• Once a person apprehends his arrest in the hands of the Commissioner under Section 69 of the CGST Act, the assessee has statutory right to seek anticipatory bail under Section 438 of the Cr.P.C.
  • Section 438 of the Cr.P.C. pertains to direction for grant of bail to person apprehending arrest. Where any person has reason to believe that he may be arrested on accusation of having committed a non-bailable offence, he may apply to the High Court or the Court of Session for a direction under this section that in the event of such arrest he shall be released on bail; and that Court may, after taking into consideration, inter-alia, the following factors, namely:-
  • the nature and gravity of the accusation;
  • the antecedents of the applicant including the fact as to whether he has previously undergone imprisonment on conviction by a Court in respect of any cognizable offence;
  • the possibility of the applicant to flee from justice; and
  • where the accusation has been made with the object of injuring or humiliating the applicant by having him so arrested, either reject the application forthwith or issue an interim order for the grant of anticipatory bail.
  • On bare reading of Section 69(1) of the CGST Act, where the Commissioner has reasons to believe if a person committed the offence under Section 132 of the CGST Act, he may, by order, authorize any officer of central tax to arrest such person.
  • Therefore, the petitioner had reasons to believe that he may be arrested on accusation for having committed non-bailable offence under Section 132(5).
  • Therefore, the petition under Section 438 of the Cr.P.C. was maintainable for the offences committed under the CGST Act and there was no statutory bar for invoking or exercising power under section 438 of the Cr.P.C. for the offence committed under the provisions of the CGST Act.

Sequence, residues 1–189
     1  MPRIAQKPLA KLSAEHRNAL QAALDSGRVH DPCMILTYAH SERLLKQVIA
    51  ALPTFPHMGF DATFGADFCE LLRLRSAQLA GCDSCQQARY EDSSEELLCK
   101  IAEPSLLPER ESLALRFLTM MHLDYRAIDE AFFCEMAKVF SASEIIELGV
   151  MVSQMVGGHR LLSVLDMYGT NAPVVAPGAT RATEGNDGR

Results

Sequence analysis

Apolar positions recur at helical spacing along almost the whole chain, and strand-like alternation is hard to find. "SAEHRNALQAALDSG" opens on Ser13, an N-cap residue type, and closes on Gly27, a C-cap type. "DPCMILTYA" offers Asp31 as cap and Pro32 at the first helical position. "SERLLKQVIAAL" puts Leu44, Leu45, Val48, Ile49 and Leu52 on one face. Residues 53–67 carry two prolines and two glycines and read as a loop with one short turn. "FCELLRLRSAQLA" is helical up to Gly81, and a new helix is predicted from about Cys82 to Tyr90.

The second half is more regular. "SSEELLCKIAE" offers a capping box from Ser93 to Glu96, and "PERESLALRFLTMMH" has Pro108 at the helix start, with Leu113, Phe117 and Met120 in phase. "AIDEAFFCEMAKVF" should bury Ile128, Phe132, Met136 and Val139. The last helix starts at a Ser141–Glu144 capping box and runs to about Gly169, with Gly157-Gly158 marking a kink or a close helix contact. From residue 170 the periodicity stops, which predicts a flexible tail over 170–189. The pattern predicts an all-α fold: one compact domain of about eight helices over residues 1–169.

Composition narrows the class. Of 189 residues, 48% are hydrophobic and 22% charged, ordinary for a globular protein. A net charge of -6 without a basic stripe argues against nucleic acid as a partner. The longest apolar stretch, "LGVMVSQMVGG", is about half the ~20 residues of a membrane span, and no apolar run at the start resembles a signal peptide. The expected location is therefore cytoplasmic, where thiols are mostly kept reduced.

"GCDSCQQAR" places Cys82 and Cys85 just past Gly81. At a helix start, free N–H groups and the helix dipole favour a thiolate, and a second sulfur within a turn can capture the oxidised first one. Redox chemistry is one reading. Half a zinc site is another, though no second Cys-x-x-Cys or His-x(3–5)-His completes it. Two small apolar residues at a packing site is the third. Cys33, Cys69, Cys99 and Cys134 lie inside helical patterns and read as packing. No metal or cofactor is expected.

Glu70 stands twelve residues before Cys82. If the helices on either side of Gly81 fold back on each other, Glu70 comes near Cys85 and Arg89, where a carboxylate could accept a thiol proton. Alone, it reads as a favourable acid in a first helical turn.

Observations of the HC

  • On merits of the case, it was alleged by the prosecution that the petitioner had fraudulent involvement of ITC on the basis of invoices without actual supply of goods in contravention of Section 16 of the CGST Act and caused loss to the ex-chequer for Rs.9.05 crore approximately.
  • It was also stated that the preliminary stage of investigation had been completed and they found that the ITC was taken by the petitioner from the bogus entities.
  • Therefore, summons were issued by the authorized officer under Section 70 of the CGST Act which clearly showed that the petitioner had reasons to believe that he was apprehending his arrest in the hands of the respondent in case after his appearance before the authorizing officer as per Section 69 of the CGST Act.
  • Therefore, in case the petitioner was arrested, he is likely to remand to the judicial custody, after his production before the Magistrate and by looking to the present COVID-19 situation, if he was remanded to the judicial custody, he would be put to hardship and definitely, his health would likely to affect.
  • The offences were not punishable with death or imprisonment for life.
  • There is no statutory bar in the CGST Act for granting anticipatory bail by exercising power under Section 438 of the Cr.P.C.

Order passed by the High Court

The Petition was allowed by the HC. The petitioner was ordered to be sent on bail in the event of his arrest under Section 69 of the CGST Act by the respondent-Authorised Officer, after enquiry under Section 70 of the CGST Act, subject to following conditions:

  • Petitioner shall execute a personal bond for Rs.10,00,000 with two sureties to the Authorized Officer
  • Petitioner shall appear before the Authorized Officer within one week, after receipt of this order, for the purpose of enquiry under Section 70 of the CGST Act
  • Petitioner shall not tamper with the prosecution evidence or any document directly or indirectly
  • Petitioner shall co-operate during the course of enquiry and shall not leave the country without prior permission of the Magistrate or the trial Court and he shall surrender his passport, if any, to the concerned Authorized Officer
  • Petitioner shall appear as and when called for the purpose of any further investigation; and
  • Petitioner shall not indulge in any similar offence.